An Art, Not a Science

“Hey, guys,” Lynn Utesch says as he approaches the cattle who have gathered at the edge of his pasture for an afternoon drink of water. The 24 cows and handful of calves in this part of the pasture make up a portion of the herd from which Lynn and his wife, Nancy, produce 100 percent organic, grass-fed beef at Guardians of the Field Farm in Alaska, Wisconsin, just south of Algoma.

“We run it on as much of a natural cycle as possible,” Lynn says about Guardians of the Field. Unlike most beef-producing farmers, Lynn and Nancy use a rotational grazing system, designed to mimic the prairie-roaming patterns of a bison herd. In order to replicate the effects of nomadic buffalo on grass, Lynn moves his cattle every few days to a different section of pasture, using a portable electric fence to control the herd’s location.

Lynn Utesch on his farm in Alaska, WI.

“With continuous grazing, the old way,” Lynn explains, “cows had the whole pasture. It would look like a lawn, a golf course. And we don’t want that.”

Lynn isn’t talking about simple aesthetics here: unlike short grass, long grass provides a host of nutritional benefits to both the soil and the cattle. With rotational grazing, the Utesches are able to feed all their cattle and still maintain the health of their 150-acre pasture. What the cows don’t eat in the summer, Lynn bales for winter hay. In fact, in the five years since the Utesches moved from their farm on Washington Island to their current location in Alaska, they have yet to need any outside food for their cattle.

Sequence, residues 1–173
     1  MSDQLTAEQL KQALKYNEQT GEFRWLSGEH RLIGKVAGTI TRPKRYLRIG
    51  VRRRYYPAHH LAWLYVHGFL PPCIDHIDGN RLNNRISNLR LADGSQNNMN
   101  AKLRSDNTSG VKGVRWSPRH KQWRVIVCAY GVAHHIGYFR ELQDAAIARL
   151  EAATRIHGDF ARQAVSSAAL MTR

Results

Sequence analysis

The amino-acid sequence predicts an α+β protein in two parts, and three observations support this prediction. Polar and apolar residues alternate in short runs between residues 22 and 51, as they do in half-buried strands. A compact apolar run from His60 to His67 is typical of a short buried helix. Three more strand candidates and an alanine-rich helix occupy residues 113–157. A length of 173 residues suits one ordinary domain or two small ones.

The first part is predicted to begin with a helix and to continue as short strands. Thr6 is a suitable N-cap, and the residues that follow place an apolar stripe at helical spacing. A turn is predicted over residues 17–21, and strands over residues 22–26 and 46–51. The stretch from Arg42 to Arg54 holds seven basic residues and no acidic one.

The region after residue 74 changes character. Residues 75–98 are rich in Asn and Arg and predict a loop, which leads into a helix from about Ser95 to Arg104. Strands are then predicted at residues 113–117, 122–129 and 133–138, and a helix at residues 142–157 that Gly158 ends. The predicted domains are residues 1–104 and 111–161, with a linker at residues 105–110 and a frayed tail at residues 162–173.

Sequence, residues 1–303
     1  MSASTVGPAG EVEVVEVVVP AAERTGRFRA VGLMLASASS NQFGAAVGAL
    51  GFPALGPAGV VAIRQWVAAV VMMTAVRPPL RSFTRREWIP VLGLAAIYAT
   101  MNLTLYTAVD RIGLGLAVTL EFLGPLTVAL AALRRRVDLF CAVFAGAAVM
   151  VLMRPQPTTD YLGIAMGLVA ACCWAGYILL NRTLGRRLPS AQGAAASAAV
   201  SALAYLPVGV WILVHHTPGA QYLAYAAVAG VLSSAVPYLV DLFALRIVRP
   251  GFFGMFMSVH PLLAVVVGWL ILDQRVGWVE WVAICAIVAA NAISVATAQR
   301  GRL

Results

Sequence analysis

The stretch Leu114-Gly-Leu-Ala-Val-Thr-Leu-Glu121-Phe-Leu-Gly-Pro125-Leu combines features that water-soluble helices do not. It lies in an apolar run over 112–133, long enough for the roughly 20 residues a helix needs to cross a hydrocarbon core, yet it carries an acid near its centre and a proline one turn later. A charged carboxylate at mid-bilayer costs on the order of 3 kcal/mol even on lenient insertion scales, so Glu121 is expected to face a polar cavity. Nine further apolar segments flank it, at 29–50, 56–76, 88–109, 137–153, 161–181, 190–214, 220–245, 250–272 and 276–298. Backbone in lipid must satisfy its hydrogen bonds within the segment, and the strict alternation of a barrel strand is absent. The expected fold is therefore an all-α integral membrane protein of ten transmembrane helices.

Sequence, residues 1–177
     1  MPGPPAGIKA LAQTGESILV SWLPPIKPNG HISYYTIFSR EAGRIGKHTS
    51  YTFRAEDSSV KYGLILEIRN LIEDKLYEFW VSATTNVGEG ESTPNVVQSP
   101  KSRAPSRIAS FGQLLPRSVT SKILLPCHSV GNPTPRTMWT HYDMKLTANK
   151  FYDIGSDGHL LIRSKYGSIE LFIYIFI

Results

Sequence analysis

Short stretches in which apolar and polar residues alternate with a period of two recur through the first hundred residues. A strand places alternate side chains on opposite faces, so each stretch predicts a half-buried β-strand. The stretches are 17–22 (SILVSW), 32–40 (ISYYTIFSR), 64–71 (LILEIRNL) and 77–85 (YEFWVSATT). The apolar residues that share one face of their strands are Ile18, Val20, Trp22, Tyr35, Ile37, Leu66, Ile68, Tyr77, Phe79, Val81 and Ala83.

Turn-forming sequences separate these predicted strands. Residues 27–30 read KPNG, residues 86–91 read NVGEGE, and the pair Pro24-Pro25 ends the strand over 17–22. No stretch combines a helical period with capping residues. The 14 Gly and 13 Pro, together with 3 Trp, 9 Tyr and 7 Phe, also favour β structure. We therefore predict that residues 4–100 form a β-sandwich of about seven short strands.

The cattle at Guardians of the Field are shorthorns, an old breed originally brought to the U.S. for the tender, marbled beef they provide. Shorthorns are smaller-boned than most of the cattle currently used for beef in the U.S., which means that they add meat to their frame in the months when other breeds are still building bone structure. And while Lynn restricts adult cattle to one portion of the pasture at a time, he allows young cows to roam anywhere they want in search of the most nutritious grass, encouraging fast, healthy growth. Lynn estimates that his pastures offer cattle between 50 and 100 species of plants to choose from and trusts the cows to choose the nutrition that would be most beneficial to their health

“They know what they need,” he says. “Contrary to what most farmers will tell you, cows are great if you allow them to be a cow.”

Indeed, the grazing patterns at Guardians of the Field seem to be working well. By the time Guardians of the Field steers are sent to slaughter when they’re 18 months old, they weigh, on average, 1,200 pounds.

Chickens graze on Utesch’s farm.

Lynn and Nancy have worked hard over the years to maintain and improve the quality of their cattle.

“Our oldest cow is 17,” says Lynn. “That’s unheard of in the dairy industry right now. And they really don’t have any health problems. The last time we had a vet on the farm was five years ago – and that was for a horse!”